I think that’s the real difference here, both psychologically and economically: I can choose to subscribe to those smaller services, or choose not to. They all have free versions that are pretty good, and if any of them wound up disappearing, they all have alternatives I could move to. With Adobe, there are no alternatives, and once you’re in, the cost of leaving is very high.

Good reads, 2013

The following are some of the best stories, articles, essays, blog posts, etc, that I read during 2013. They weren’t necessarily written in 2013. I’m including them in roughly the order I encountered them.

Circle of Useful Knowledge

Gwen’s parents brought her a book from a library sale in their small town, The Circle of Useful Knowledge, published in 1888. It’s filled with bizarre recipes for cocktails mixed in 10-gallon quantities, tips on animal husbandry, etc.

I’m posting extracts from it in a separate blog, titled Circle of Useful Knowledge. I’m going to try to post a couple of entries a day. Enjoy.

Word processors and file formats

I’ve always been interested in file formats from the perspective of long-term access to information. These have been interesting times.

To much gnashing of teeth, Apple recently rolled out an update to its iWork suite—Pages, Numbers, and Keynote, which are its alternatives to the MS Office trinity of Word, Excel, and Powerpoint. The update on the Mac side seems to have been driven by the web and iPad versions. Not only in the features (or lack thereof), but in the new file format, which is completely unrelated to the old one. The new version can import the files from the old one, but it’s definitely an importation process, and complex documents will break in the new apps.

The file format for all the new iWork apps, Pages included, is based on Google’s protocol buffers. The documentation for protocol buffers states

However, protocol buffers are not always a better solution than XML – for instance, protocol buffers would not be a good way to model a text-based document with markup (e.g. HTML), since you cannot easily interleave structure with text. In addition, XML is human-readable and human-editable; protocol buffers, at least in their native format, are not. XML is also – to some extent – self-describing. A protocol buffer is only meaningful if you have the message definition (the .proto file).

Guess what we have here. Like I said, this has been driven by the iPad and web versions. Apple is assuming that you’re going to want to sync to iCloud, and they chose a file format optimized for that use case, rather than for, say, compatibility or human-readability. My use case is totally different. I’ve had clients demand that I not store their work in the cloud.

What’s interesting is that this bears some philosophical similarities to the Word file format, whose awfulness is the stuff of legend. Awful, but perhaps not awful for the sake of being awful. From Joel Spolsky:

The first thing to understand is that the binary file formats were designed with very different design goals than, say, HTML.

They were designed to be fast on very old computers.

They were designed to use libraries.

They were not designed with interoperability in mind.

New computers are not old, obviously, but running a full-featured word processor in a Javascript interpreter inside your web browser is the next best thing; transferring your data over a wireless network is probably the modern equivalent of a slow hard drive in terms of speed.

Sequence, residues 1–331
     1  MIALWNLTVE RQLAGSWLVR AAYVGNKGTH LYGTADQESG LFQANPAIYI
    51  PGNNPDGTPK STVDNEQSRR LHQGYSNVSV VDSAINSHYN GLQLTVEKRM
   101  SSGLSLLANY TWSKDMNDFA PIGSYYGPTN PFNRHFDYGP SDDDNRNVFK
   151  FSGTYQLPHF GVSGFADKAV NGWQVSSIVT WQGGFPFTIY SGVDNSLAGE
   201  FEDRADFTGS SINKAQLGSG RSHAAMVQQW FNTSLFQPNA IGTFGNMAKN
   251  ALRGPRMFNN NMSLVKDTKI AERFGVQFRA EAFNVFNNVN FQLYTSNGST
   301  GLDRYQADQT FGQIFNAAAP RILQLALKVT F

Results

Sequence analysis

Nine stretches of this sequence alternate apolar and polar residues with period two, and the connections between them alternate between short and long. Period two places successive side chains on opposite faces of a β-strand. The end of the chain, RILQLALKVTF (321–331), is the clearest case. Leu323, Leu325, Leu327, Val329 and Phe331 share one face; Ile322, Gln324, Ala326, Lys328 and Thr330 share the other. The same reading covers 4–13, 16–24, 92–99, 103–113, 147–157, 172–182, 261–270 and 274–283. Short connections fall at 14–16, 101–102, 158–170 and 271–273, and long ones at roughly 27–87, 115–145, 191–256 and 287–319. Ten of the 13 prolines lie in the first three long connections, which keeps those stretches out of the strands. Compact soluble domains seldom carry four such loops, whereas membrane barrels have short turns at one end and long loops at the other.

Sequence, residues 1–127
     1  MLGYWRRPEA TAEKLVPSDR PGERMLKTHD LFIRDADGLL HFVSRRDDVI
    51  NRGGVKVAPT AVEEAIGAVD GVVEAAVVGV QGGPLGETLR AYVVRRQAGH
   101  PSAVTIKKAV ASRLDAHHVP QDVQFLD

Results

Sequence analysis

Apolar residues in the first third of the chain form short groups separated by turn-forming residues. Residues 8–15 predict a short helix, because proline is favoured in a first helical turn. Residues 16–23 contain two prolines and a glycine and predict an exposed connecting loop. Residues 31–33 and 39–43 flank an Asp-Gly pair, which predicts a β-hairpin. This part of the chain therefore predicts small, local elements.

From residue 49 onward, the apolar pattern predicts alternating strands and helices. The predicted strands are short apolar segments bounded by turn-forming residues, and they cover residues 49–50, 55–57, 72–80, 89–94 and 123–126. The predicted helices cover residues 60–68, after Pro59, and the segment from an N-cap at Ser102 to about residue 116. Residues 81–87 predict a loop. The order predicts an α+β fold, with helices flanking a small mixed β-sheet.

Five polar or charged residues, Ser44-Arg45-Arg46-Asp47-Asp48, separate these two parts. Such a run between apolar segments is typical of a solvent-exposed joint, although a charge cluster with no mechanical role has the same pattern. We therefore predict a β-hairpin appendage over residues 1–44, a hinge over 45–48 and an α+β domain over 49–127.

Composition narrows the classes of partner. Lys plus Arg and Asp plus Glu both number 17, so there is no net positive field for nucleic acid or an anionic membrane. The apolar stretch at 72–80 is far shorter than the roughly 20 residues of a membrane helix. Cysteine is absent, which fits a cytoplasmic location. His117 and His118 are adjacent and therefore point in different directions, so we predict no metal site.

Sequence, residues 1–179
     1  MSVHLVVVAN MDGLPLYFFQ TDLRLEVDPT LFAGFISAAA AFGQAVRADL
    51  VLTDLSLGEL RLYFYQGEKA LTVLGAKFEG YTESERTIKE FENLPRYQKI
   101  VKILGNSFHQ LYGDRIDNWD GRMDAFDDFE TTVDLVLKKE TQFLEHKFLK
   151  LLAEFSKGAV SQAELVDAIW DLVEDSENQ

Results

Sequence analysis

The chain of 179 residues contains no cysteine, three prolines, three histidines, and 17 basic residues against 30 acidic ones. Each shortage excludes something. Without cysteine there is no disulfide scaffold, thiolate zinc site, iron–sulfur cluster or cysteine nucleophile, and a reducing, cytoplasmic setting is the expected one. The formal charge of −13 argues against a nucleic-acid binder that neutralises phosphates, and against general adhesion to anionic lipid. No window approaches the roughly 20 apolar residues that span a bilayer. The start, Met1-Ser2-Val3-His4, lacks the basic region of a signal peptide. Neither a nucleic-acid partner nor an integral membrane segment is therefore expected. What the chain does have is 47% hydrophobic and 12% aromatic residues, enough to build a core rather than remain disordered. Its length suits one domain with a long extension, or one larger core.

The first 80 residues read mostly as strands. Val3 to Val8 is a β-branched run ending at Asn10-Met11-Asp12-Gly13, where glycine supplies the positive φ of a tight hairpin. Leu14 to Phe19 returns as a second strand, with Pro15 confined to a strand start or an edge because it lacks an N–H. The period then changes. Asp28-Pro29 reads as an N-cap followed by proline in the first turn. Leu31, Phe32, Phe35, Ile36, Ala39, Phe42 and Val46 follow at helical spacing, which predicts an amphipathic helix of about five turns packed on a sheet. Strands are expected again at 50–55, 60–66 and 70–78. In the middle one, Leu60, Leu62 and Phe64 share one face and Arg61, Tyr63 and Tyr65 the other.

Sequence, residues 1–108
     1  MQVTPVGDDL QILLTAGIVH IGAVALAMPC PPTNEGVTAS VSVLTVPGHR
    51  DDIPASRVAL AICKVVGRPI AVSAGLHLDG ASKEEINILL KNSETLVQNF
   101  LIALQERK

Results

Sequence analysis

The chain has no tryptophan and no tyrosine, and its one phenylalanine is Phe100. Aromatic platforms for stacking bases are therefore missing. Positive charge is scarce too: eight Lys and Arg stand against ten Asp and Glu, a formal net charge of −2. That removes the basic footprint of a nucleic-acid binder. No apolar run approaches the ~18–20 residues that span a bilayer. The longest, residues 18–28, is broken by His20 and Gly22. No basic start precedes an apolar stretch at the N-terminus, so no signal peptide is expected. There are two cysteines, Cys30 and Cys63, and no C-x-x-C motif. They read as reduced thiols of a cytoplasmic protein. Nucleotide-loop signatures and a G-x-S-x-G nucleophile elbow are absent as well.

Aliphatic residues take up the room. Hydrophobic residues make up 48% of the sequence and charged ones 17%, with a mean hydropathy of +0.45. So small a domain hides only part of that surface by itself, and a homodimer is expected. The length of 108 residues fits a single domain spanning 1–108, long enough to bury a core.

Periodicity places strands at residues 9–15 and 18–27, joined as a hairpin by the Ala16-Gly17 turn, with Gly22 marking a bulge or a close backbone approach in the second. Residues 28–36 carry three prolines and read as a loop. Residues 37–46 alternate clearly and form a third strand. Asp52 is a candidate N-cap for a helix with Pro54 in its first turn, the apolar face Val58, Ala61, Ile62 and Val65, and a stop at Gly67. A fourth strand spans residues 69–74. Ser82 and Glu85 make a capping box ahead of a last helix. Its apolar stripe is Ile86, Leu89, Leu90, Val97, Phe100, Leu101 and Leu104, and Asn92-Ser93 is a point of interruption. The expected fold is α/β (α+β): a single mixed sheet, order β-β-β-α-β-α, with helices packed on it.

There is a perfectly good public file format for documents out there, Rich Text Format or RTF. But curiously, Apple’s RTF parser doesn’t do as good a job with complex documents as its Word parser—if you create a complex document in Word and save it as both .rtf and .doc, Pages or Preview will show the .doc version with better fidelity. Which makes a bit of a joke out of having a “standard” file format. Since I care about file formats and future-proofing, I saved my work in RTF for a while. Until I figured out that it wasn’t as well supported.

What about something more basic than RTF? Plain text is, well, too plain: I need to insert commentary, tables, that sort of thing. Writing HTML by hand is too much of a PITA, although it should have excellent future-proofing.

What about Markdown? I like Markdown a lot. I’m actually typing in it right now. It doesn’t take long before it becomes second nature. Having been messing around with HTML for a long time, I prefer the idea of putting the structure of my document into the text rather than the appearance.

But Markdown by itself isn’t good enough for paying work. It has been extended in various ways to allow for footnotes, commentary, tables, etc. I respect the effort to implement all the features that a well-rounded word processor might support through plain, human-readable text, but at some point it just gets to be too much trouble. Markdown has two main benefits: it is highly portable and fast to type—actually faster than messing around with formatting features in a word processor. These extensions are still highly portable, but they are slow to type—slower than invoking the equivalent functions in a typical WYSIWYG word processor. The extensions are also more limited: the table markup doesn’t accommodate some of the insane tables that I need to deal with, and doesn’t include any mechanism for specifying column widths. Footnotes don’t let me specify whether they’re footnotes or endnotes (indeed, Markdown is really oriented toward flowed onscreen documents, where the distinction between footnotes and endnotes is meaningless, rather than paged documents). CriticMarkup, the extension to Markdown that allows commentary, starts looking a little ungainly. There’s a bigger philosophical problem with it though. I could imagine using Markdown internally for my own work and exporting to Word format (that’s easy enough thanks to Pandoc), but in order to use CriticMarkup, I’d need to convince my clients to get on board, and I don’t think that’s going to happen.